Tuesday, July 14, 2015

Bean trellis, and chickens in the greens.

After an incredibly productive weekend last weekend thanks to much help from friends, this weekend was more focused on family time. It was lovely but meant that as far as the homestead go, it's basically been all about maintenance. The big that that got done was putting in posts (though they could use being driven further in), and dragging over the cattle panel to set up a bean trellis.
The beans had been going a bit crazy, and lacking something more solid to climb, they'd been climbing up the garlic in the front bed. It can be kind of hard to tell in this photo Left but if you look down at the base of the garlic, you can see a darker green wrapped around the base and climbing up. When I put the trellis in, I carefully unwrapped the beans, and re wrapped them around the wire. That should work out well from what I know of beans. The beans growing in that row are scarlet runner beans (I think), and the ones in the bed below are bush beans so they aren't going to need a trellis like this. The Lady of the House picked the beans to plant so I have to admit I'm a little behind the 8 ball on remembering everything that's out there in the garden right now. If they are actually the scarlet runner beans I think they are, every part of the plant can be eaten which is great. I haven't had the greens part of the beans, but at least in theory being able to use everything is good. Even if it isn't very flavorful, or has a bad texture I'm going to be happy to use them at least as something that can be steamed, and mixed in with other things with spices. We'll see when we have a chance to actually use it.

One of the interesting sort of random things that's happening in the garden is our volunteer kale that popped up from what we'd had planted before. This stuff is very hearty, and is doing quite well. This one here has survived us eating quite a bit of it, and getting whacked around fairly hard by me placing the cattle panel trellis. At this point it's earned me leaving it alone to go to seed so we can use that, if its seed is as hearty as it is, we'll happily plant that to try to supplant other weeds.

The chickens are enjoying the state of the yard and garden, especially just post clearing things out. They are here, there, and everywhere eating anything that moves, and a lot that doesn't. So far we haven't had too much problem with them damaging the plants we're growing, other than rolling over the garlic plants or knocking them down, which doesn't really seem to stop them. Right now they're actually eating around the yard so much they aren't eating the feed we put out for them. That has led to me cutting down the feed I do put out to a minimal amount just so it is there if they want or need it. I'm going to be upping the feed amount I put out again if the eggs under the australorp hatch. At that point if they do I'm going to be putting out the medicated chick feed again for obvious reasons. One thing we're happy about is the leghorn chicks have started being allowed into the coop without us having to move them there. They are also much more adventurous than they were, and have recently discovered the delights of the smorgasbord that is under the rabbit hutches. The leghorns still don't travel everywhere with the rest of the flock, but at least they aren't the object of instant attacks now. I think that when we move everyone into the new coop it'll help the social dynamics.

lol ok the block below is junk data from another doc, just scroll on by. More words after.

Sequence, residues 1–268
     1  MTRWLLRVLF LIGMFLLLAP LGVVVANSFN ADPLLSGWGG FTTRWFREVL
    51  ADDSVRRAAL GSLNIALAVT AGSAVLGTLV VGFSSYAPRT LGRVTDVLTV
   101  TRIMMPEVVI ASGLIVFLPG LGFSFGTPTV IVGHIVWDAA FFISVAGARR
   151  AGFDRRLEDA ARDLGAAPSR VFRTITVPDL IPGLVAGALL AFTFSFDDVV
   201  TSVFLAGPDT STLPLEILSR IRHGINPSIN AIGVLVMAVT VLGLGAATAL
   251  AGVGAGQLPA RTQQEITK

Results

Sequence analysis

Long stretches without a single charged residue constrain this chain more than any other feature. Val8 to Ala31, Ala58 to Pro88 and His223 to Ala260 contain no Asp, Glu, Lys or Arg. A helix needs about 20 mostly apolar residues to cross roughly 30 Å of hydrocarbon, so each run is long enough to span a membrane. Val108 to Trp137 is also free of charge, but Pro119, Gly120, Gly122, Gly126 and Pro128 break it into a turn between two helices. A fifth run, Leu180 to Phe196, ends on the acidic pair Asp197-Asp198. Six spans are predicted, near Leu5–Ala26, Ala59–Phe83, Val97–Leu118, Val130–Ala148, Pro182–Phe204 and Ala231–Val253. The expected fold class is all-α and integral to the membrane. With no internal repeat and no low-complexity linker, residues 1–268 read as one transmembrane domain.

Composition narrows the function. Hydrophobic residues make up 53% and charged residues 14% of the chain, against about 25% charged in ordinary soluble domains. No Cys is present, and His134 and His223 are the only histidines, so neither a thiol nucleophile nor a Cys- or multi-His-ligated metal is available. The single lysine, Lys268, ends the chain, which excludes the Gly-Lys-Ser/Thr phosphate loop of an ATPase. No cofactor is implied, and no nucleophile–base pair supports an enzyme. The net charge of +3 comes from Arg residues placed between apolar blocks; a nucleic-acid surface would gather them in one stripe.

Last but not least I want to talk about a couple of the plants we got from the seedling swap. Left is the edible chrysanthemum that we picked up. We actually need to look this particular plant up, and see when and what we should eat of it. We should have done that before now, but now that it's bloomed it has given a certain urgency to it. From a quick look it looks like we should be eating the greens, and leaving the flowers alone. Also looks like we should be blanching the leaves before eating them and scattering them as flavoring more than anything else.
The other thing that came up from the seedling swap that's going very well is the Swiss Chard, and as you can see Right it looks great. That's one that we can cut any time and just put in with some olive oil, garlic, and pepper and have with just about anything we have. Having the luxury of going out and cutting greens and pulling up garlic or green onion any time we want is really enjoyable.

Next week we're going to be very busy, so there is a possibility that I'll be missing one, or both of next week's posts. I hope to avoid that, and I'm going to try to work ahead. If I do miss things I'm sorry, but I figured better to give an up front warning.

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